The Principle of Specialization for a “just” city


In the so-called “just city” that Socrates explains in the book The Republic By Plato, it is clear that one of the main ideas he expresses throughout the book is the principle of specialization. The principle of specialization is set up to create a “desirable” city suited for everyone. It is a place where personal freedom and creativity is not valued because these desires to Socrates mean creating unjust individuals eventually leading to an unjust society.


The people living in this city are forced to perform a role that they are naturally suited whether they enjoy it or not. There is not space for disagreement as everyone has a set role and duty they are expected to fulfill. Similar to society today, there seems to be three main classes; the producers, auxiliaries, and guardians. Unlike society we are living in today, the classes are based upon whether you are fit to rule, carry out the jobs of the rulers, or just a normal every day person with a job. Sadly, if you are a producer in this city there is no chance in becoming an auxiliary or guardian/ruler. Even if you are a naturally gifted doctor with hidden passions to become a businessman, there are no exceptions here as it the best way in Socrates’ mind to ensure people do their jobs to keep the system productive. By separating the classes, creating a division of labor towards the “good life,” Socrates believes all of this will allow the city to become simple yet “just.”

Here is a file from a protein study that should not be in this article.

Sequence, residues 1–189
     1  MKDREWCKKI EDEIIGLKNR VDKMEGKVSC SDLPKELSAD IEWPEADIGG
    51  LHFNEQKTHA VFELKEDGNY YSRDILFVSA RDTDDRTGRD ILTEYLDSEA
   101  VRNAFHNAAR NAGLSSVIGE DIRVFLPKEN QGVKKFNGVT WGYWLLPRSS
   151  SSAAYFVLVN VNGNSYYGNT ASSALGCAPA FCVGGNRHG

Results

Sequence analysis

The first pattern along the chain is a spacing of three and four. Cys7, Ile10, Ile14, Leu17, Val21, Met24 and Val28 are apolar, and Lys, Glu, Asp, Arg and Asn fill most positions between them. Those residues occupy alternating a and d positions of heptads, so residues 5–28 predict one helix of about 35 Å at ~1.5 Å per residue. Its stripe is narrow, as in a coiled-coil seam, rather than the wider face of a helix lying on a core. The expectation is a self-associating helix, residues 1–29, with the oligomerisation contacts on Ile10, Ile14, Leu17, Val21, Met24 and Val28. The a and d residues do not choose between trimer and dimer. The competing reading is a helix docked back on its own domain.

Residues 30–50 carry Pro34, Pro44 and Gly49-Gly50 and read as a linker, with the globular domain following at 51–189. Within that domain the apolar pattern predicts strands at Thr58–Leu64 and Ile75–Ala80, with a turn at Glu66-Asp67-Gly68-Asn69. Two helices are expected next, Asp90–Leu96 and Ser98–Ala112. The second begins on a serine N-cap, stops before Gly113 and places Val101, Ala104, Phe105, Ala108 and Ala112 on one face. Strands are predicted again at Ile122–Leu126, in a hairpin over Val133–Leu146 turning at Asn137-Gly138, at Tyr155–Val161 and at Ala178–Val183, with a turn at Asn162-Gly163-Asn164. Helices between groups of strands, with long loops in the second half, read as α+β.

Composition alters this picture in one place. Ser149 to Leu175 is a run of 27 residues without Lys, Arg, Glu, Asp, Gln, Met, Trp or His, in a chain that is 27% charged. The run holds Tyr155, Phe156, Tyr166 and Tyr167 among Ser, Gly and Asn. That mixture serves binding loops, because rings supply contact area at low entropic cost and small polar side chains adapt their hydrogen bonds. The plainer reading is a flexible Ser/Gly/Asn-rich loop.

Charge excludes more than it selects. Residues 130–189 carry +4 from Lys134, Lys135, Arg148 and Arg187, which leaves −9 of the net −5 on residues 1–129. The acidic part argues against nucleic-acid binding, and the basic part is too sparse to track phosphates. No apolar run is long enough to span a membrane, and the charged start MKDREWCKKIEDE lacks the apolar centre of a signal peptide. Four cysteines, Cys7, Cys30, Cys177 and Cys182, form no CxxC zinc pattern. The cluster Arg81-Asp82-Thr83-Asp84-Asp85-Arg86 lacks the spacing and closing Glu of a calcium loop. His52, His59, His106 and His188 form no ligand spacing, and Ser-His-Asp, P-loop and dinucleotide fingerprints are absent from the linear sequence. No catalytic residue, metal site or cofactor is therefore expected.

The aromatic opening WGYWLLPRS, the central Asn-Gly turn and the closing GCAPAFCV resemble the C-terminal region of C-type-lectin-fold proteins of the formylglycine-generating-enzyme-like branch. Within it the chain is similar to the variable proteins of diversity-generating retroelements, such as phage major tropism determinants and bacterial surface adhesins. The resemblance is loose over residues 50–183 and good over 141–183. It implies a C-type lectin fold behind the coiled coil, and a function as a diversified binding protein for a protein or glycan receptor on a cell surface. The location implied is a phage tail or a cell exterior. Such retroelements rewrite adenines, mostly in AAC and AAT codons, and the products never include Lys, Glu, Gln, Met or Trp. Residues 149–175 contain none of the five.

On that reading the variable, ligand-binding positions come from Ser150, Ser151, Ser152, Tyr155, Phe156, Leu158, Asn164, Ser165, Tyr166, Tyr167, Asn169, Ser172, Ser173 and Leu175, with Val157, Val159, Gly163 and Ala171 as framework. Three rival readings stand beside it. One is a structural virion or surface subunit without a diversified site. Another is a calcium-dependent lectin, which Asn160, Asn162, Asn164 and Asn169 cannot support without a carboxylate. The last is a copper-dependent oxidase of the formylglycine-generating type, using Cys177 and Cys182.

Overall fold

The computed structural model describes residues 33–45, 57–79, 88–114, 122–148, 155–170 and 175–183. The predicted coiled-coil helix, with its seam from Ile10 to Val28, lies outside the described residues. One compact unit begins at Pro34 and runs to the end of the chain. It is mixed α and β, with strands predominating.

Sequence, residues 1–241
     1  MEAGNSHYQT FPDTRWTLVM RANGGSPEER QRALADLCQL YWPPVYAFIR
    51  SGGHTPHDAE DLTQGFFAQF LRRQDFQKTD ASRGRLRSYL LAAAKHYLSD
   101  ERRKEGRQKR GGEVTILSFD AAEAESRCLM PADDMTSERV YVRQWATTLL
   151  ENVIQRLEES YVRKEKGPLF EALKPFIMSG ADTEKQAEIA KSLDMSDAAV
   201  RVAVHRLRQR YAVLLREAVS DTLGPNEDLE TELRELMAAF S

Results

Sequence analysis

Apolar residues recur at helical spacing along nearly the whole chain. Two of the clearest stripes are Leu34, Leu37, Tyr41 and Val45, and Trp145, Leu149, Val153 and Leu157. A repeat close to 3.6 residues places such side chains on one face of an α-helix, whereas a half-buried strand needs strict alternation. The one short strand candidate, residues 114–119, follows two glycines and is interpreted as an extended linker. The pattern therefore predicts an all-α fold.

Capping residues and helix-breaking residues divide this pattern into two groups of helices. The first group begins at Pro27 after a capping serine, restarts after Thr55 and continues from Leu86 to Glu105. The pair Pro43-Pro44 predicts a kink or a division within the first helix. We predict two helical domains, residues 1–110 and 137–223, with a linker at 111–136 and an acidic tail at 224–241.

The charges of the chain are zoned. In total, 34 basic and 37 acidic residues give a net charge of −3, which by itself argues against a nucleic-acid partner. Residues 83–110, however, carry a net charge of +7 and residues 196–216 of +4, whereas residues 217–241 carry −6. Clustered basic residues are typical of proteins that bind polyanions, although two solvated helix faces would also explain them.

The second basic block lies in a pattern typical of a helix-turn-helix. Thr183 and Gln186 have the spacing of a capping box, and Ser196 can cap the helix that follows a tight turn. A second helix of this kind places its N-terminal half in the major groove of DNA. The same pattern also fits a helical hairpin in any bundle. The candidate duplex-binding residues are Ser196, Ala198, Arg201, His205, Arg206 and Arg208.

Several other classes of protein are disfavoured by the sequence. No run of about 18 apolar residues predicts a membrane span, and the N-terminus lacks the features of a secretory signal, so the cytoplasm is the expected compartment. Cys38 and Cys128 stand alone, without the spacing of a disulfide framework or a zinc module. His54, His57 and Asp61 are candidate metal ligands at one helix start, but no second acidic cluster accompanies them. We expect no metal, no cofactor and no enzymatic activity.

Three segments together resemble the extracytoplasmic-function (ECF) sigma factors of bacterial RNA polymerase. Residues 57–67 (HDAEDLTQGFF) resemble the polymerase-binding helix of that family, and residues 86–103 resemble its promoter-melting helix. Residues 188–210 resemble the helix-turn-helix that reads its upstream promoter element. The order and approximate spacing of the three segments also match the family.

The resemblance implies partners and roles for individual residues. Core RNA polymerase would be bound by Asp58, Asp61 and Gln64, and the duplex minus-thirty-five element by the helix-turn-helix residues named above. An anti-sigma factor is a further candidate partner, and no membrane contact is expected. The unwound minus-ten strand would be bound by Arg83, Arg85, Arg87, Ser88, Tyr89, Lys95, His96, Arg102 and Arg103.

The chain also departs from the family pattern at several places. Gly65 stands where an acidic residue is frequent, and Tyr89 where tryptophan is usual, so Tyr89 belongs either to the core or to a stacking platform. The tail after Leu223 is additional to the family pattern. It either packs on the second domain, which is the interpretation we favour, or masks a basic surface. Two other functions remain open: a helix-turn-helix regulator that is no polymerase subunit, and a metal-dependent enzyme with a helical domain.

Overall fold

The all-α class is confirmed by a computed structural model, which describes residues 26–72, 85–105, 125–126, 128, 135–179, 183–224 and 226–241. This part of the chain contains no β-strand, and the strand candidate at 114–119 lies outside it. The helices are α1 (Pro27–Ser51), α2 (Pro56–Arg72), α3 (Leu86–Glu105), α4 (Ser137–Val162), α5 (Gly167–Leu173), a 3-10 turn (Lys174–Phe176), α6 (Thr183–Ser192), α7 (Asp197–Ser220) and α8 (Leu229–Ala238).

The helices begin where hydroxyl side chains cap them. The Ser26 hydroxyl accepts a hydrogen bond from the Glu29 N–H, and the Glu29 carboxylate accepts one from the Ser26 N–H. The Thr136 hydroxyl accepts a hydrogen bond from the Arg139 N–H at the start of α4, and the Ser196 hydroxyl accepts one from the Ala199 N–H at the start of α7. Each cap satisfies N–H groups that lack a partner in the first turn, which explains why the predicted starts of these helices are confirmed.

Although Socrates creates a just city, the meaning of justice or being just is quite subjective and uncertain between himself as well as his peers. Justice to Cephalus is “living up to your legal obligations and being honest” where as Polemarchus and Thrasymachus have other ideas to this meaning. Polemarchus sees justice as “[owing] friends help, and [owing] enimes harm”, meaning giving back what is lawfully due to a person. While Thrasymachus sees justice as “nothing more than the advantage of the stronger.” Oddly enough, as Socrates observes these men’s definitions of justice, he presents no opinion of his own. It then comes to my attention that if Socrates cannot fully define what “justice” is, how can his theory using the principle of specialization be legitimate towards a just city?

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